Society for Social Work and Research

Sixteenth Annual Conference Research That Makes A Difference: Advancing Practice and Shaping Public Policy
11-15 January 2012 I Grand Hyatt Washington I Washington, DC

58 Correction of Rater Effects In Longitudinal Research with Three Innovative Methods

Friday, January 13, 2012: 10:00 AM-11:45 AM
McPherson Square (Grand Hyatt Washington)
Cluster: Research Design and Measurement
Shenyang Guo, PhD, University of North Carolina at Chapel Hill
Problem Statement. This workshop discusses a crucial problem in longitudinal research that is largely ignored in practice, that is, the bias produced by rater effects, the adverse consequences of ignoring rater effects, and robust approaches to its correction. Investigators conducting longitudinal survey research are increasingly using data that have been rated by multiple raters, but the psychometric properties of these data, particularly rater effects on statistical models depicting change, are less explored and seldom treated formally. Many studies using the multiple-rater data assume no or negligible measurement errors in the ratings and apply hierarchical linear modeling (HLM) to the research (Guo & Hussey, 1999). The workshop challenges this assumption, and seeks a statistical approach to disentangle rater effects from the study subjects' true change.

Methods. Guided by the generalizability theory (Cronbach, Gleser, Nanda, & Rajaratnam, 1972), the workshop presents three newly developed methods to correct for rater effects: cross-classified random effects model (CCREM, Raudenbush & Bryk, 2002), local linear regression (lowess, Fox, 2000), and multitrait-multimethod model (MTMM, Bollen & Paxton, 1996).

Findings. (1) A Monte Carlo study simulating nine settings of data creation under two sampling schemes confirms that a 2-level HLM produces biased estimates and misleading significance tests, and should be replaced by CCREM. (2) Using the dataset of the Social and Character Development (SACD) program, a comparison study shows a striking difference between CCREM and HLM on the change pattern between the treated and control groups; that is, if CCREM is used to correct for rater effects, the treated group's change on an outcome is upward (i.e., doing better), rather than downward (i.e., doing worse) that is depicted by HLM. The SACD program was funded by the U.S. Department of Education and the Centers for Disease Control and Prevention, and has cost more than 33 million dollars. Currently, the project did not confirm the SACD intervention was effective (IES, 2010, p. xlvii); however, our reanalysis using the CCREM correction makes us suspect this finding may be partially attributed to the failure to control for rater effects in data analysis.(3) Similar Monte Carlo studies using lowess and MTMM show promising properties of corrective approaches, though future research in these two models is needed.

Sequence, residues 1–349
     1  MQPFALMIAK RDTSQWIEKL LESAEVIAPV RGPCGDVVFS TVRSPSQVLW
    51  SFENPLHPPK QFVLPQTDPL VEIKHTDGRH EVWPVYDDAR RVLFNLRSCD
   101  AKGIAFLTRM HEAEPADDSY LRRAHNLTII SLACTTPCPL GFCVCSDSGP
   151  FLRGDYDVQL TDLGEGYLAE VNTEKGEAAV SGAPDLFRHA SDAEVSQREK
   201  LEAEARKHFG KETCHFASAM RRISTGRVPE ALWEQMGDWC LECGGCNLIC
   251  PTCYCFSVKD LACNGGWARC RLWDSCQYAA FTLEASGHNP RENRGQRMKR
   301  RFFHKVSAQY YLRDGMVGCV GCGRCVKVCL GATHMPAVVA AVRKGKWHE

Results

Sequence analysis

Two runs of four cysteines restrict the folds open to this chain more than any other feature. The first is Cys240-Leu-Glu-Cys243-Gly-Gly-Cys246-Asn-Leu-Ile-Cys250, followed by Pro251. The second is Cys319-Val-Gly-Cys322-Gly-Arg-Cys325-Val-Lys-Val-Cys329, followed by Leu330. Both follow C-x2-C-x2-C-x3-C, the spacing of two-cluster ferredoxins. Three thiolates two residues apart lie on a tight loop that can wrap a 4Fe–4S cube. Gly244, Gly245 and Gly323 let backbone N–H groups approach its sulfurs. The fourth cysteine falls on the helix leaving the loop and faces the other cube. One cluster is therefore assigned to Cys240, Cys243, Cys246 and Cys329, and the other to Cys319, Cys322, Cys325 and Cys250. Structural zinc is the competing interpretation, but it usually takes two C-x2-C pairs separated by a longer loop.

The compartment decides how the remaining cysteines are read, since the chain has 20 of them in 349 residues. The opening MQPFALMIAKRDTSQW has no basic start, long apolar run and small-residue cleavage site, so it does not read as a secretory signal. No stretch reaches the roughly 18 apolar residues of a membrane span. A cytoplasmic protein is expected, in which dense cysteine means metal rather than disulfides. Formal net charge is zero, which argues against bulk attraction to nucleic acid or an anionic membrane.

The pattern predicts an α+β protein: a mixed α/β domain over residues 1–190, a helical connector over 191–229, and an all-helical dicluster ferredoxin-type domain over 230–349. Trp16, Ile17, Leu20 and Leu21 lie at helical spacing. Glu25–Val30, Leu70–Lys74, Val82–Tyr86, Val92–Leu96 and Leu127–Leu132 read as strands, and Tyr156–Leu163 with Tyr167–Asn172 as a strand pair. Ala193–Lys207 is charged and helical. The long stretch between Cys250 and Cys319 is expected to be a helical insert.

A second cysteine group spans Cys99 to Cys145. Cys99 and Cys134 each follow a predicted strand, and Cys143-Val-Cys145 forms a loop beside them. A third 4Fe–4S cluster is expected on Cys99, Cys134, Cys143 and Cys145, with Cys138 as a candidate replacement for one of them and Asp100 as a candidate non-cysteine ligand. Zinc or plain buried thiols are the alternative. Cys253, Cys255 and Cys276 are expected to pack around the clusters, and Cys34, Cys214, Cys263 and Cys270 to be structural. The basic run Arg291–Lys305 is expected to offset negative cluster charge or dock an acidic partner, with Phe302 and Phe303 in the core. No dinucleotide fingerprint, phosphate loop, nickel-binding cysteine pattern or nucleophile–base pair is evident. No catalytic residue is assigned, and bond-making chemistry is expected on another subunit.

Significances. Correction of rater effects is crucial in social work research and evaluation. Discussions of the adverse consequences of ignoring rater effects will be of interest and value to many researchers in intervention research, particularly to those working with longitudinal rating data in educational psychology, school-based intervention, substance abuse treatment, and others. The study of rater effects once again shows a fundamental challenge facing social scientists: social science is different from natural science because its study subjects are human being and the researchers/observers are human being too. We are far away from measuring social phenomena objectively comparing to natural sciences. Hence, the raters' impact on measurement error cannot be assumed random, and should be explicitly controlled for in longitudinal inquiry.

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